Meeting the Needs of Older Adults with Serious Illness: Challenges and Opportunities in the Age of Health Care ReformNew York, NY (October 1, 2014)
According to palliative care experts Diane E. Meier. MD and Amy S. Kelley, MD, MSHS, six million people in the United States need palliative care.
Palliative care is specialized medical care focused on improving patient quality of life through relief from the symptoms, pain, and stress of a serious illness – whatever the diagnosis − including heart, liver and kidney disease, cancer, Parkinson’s and Alzheimer’s disease. It provides an added layer of support, often in addition to curative treatments.
In their new book, Meeting the Needs of Older Adults with Serious Illness: Challenges and Opportunities in the Age of Health Care Reform, published by Springer, Meier and Kelley map out how the principles of palliative care can effectively address many of the key challenges currently facing the U.S. healthcare system.
According to Kelley, Assistant Professor, Brookdale Department of Geriatrics and Palliative Medicine at the Icahn School of Medicine at Mount Sinai, “By bringing together expert clinicians, researchers and policy leaders we hope to provide an easy-to-navigate roadmap for clinicians, healthcare administrators and policy makers to effectively initiate palliative care policy and program design. The overall goal of the book is to improve access to quality palliative care for patients and their families.”
The book comes at a critical time because the Affordable Care Act is poised to expand access to palliative care. According to Meier, Director of the Center to Advance Palliative Care (CAPC), “Research has demonstrated patients receiving palliative care experience improved quality of life, better symptom management, lower rates of depression and anxiety, and also improved survival. Crises can be prevented, thereby reducing need for emergency department visits, hospital use and their associated costs.”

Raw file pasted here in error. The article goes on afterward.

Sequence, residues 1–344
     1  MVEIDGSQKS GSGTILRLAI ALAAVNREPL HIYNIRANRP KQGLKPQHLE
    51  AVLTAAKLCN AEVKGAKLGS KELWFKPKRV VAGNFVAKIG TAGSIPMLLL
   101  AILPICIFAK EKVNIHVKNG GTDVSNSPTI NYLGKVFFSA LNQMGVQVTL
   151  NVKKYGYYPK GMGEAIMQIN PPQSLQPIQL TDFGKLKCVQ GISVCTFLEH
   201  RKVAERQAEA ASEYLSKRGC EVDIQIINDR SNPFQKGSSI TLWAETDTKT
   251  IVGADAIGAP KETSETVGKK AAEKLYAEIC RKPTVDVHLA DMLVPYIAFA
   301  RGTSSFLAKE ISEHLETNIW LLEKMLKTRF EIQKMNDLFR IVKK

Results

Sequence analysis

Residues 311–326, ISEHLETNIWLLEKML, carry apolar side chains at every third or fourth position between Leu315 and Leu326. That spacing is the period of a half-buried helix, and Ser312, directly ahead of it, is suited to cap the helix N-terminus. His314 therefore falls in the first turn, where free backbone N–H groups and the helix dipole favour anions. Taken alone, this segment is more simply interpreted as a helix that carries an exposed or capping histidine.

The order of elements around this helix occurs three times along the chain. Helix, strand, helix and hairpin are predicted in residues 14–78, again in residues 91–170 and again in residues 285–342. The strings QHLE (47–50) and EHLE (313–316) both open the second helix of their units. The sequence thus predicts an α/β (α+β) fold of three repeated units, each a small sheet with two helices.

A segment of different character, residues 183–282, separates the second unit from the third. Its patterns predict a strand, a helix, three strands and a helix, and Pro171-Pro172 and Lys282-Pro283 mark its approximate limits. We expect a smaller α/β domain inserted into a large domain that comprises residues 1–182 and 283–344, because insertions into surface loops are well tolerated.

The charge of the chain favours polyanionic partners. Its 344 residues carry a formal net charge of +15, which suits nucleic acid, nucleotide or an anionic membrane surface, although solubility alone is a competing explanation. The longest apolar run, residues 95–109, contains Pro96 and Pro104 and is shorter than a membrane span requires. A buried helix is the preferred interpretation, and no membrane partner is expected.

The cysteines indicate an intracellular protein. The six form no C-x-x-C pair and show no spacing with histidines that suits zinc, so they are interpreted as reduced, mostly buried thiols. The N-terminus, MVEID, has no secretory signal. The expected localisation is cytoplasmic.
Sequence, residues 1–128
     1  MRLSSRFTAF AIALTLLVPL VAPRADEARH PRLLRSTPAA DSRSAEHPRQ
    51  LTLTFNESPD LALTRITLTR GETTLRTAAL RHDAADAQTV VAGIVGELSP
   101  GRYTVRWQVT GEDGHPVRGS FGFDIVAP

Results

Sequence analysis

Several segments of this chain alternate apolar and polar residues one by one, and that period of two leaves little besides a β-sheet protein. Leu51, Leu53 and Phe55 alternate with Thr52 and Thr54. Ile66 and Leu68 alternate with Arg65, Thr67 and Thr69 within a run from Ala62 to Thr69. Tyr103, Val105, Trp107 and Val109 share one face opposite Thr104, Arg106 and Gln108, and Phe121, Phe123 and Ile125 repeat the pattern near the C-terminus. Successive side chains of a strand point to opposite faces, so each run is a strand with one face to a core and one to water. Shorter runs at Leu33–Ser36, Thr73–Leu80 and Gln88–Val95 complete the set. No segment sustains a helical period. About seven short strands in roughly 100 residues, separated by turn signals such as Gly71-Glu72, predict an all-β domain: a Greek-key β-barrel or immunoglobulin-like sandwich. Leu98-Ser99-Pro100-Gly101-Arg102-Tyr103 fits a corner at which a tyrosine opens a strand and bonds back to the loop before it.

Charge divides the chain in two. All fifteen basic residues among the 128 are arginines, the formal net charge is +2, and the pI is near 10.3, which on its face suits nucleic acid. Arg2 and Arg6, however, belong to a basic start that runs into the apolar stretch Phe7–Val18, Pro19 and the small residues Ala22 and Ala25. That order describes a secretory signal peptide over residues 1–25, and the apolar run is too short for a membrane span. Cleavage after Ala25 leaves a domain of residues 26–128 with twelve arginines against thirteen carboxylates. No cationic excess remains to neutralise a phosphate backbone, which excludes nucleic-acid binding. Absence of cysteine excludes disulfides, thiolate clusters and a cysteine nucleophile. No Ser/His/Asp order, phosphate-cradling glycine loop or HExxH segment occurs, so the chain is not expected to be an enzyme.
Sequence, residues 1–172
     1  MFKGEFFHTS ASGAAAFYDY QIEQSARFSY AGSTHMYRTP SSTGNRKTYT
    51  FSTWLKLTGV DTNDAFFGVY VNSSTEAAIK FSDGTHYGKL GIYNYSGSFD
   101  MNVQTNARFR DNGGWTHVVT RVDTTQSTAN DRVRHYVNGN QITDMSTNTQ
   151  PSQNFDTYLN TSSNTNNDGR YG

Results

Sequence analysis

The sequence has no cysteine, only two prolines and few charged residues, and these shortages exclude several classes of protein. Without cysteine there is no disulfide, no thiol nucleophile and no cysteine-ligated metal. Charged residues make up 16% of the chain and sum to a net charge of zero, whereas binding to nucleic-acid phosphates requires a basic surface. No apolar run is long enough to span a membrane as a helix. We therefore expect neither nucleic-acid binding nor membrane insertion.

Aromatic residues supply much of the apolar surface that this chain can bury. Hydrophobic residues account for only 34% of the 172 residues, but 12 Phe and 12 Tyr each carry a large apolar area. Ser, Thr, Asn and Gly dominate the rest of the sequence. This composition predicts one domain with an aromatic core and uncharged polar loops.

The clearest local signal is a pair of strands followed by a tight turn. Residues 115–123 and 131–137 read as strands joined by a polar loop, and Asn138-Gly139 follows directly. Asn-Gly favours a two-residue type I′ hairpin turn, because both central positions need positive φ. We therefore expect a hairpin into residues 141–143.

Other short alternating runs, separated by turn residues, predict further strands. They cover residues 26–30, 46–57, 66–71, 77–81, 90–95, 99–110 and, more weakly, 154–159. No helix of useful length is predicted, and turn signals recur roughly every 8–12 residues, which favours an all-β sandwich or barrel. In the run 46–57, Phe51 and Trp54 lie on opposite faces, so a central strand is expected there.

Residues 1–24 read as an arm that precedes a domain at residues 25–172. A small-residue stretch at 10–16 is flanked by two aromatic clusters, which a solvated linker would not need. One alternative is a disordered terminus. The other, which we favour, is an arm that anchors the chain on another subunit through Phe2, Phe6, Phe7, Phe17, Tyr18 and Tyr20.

Chapter contributors include experts from: Dana-Farber Cancer Institute, John Hopkins University, Massachusetts General Hospital Harvard Medical School, Vanderbilt University School of Medicine, National Quality Forum, National Health Policy Forum, American Cancer Society and AARP.
The hard-copy edition and ebook are published by Springer Science+Business Media (www.springer.com) a leading global scientific, technical and medical publisher, providing researchers in academia, scientific institutions and corporate R&D departments with quality content via innovative information products and services. Click here for information on Meeting the Needs of Older Adults with Serious Illness: Challenges and Opportunities in the Age of Health Care Reform.
The Center to Advance Palliative Care (CAPC) www.capc.org and www.getpalliativecare.org is a national organization dedicated to increasing the availability of palliative care for people facing serious illness. It is affiliated with The Icahn School of Medicine at Mount Sinai in New York City.
About the Authors
Diane E. Meier, MD, is Director of the Center to Advance Palliative Care (CAPC), a national organization devoted to increasing the number and quality of palliative care programs in the United States. Under her leadership the number of palliative care programs in U.S. hospitals has more than tripled in the last 10 years. She is also Vice-Chair for Public Policy and Professor of Geriatrics and Palliative Medicine, Catherine Gaisman Professor of Medical Ethics, and was the founder and Director of the Hertzberg Palliative Care Institute from 1997-2011, all at the Icahn School of Medicine at Mount Sinai in New York City.
Amy S. Kelley, MD, MSHS is Assistant Professor in the Brookdale Department of Geriatrics and Palliative Medicine at the Icahn School of Medicine at Mount Sinai. She received her medical degree from Weill Cornell Medical College. She trained in internal medicine and geriatrics at the New York Presbyterian Hospital-Cornell University Medical Center and completed a Masters of Science in Health Services through the UCLA School of Public Health.
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